Parkinson's Disease and Speech Problems

Topic Overview

Parkinson's disease can affect the muscles of the lips, tongue, throat, voice box (larynx), and lungs, all of which are involved in producing speech. Stiff, slow muscles in these areas may lead to:

  • Low voice volume or soft speech.
  • Imprecise speech sounds.
  • Speaking too fast or too slow.
  • Monotonous voice.
  • Hoarseness.

A speech therapist (also called a speech-language pathologist) can help you learn ways to improve your speech. He or she may provide:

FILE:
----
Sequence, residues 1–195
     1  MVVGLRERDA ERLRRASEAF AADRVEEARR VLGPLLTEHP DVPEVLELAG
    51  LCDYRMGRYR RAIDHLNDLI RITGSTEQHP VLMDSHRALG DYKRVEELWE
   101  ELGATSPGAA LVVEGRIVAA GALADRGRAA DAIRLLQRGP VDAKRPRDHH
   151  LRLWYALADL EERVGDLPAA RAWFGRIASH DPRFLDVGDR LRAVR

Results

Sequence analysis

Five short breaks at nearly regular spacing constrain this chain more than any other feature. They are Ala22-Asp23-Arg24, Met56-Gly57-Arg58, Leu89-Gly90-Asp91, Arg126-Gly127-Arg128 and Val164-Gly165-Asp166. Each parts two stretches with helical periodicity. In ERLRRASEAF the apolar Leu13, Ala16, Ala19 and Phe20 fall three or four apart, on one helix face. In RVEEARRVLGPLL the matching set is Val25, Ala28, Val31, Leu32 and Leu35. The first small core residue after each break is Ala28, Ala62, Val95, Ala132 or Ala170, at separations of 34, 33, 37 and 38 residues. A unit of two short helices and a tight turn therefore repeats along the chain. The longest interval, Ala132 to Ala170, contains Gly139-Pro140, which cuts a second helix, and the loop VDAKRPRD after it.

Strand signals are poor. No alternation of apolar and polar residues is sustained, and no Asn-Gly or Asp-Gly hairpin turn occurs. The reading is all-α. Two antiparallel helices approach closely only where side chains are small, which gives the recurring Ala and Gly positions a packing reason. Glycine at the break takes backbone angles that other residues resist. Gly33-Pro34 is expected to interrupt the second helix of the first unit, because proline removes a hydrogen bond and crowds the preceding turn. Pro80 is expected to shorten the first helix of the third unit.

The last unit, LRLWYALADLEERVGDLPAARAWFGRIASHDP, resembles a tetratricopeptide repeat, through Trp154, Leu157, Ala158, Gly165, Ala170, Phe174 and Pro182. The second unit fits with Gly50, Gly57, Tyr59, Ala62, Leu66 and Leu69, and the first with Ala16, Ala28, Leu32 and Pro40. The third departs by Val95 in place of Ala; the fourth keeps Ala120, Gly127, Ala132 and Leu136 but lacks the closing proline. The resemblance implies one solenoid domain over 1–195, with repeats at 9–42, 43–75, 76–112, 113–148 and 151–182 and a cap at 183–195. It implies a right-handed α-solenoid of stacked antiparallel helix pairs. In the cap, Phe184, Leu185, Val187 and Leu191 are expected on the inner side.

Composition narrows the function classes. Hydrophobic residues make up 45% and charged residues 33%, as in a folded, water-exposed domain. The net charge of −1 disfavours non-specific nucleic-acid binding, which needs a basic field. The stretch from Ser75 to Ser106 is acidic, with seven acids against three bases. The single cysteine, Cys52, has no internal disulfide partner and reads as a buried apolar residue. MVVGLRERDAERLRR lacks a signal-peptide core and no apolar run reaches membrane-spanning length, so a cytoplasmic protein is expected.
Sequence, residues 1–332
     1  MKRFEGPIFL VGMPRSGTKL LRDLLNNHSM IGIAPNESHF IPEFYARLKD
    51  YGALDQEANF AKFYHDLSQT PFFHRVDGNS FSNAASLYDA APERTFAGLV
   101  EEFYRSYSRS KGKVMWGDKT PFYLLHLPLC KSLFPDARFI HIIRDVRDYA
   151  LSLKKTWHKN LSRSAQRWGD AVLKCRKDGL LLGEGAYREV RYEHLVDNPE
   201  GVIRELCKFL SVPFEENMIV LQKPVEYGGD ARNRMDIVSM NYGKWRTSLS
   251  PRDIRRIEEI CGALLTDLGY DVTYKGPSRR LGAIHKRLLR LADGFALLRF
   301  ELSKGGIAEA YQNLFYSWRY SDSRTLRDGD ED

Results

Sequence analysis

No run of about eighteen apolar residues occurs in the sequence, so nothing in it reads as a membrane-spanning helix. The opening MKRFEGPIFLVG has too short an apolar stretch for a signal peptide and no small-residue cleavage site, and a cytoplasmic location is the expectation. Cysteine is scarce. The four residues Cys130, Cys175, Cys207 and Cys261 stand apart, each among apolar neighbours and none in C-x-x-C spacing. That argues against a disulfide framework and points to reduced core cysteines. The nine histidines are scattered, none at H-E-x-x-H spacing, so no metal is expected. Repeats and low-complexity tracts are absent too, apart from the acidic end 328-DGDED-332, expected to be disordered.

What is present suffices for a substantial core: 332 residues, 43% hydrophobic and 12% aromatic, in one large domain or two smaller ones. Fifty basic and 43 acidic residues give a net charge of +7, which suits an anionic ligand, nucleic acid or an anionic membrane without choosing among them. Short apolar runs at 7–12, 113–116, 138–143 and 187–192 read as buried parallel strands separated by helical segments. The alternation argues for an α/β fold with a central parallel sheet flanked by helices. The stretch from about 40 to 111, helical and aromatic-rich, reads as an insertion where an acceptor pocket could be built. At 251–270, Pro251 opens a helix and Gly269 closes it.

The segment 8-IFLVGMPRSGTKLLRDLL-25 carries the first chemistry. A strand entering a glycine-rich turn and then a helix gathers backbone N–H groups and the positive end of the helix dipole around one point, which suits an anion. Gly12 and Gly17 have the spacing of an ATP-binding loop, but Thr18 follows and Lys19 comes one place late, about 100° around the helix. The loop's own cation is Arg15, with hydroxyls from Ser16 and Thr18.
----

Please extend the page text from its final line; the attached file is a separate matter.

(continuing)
• Breathing exercises to improve voice volume.
  • Speech exercises to make your sounds clear and precise.
  • Tips to help make your speech rate more regular.
  • Exercises to practice pitch changes when you speak.

Related Information

Credits

Current as ofMarch 28, 2019

Author: Healthwise Staff
Medical Review: Anne C. Poinier MD - Internal Medicine
Adam Husney MD - Family Medicine
Martin J. Gabica MD - Family Medicine
Kathleen Romito MD - Family Medicine
G. Frederick Wooten MD - Neurology

Parkinson's Disease and Speech Problems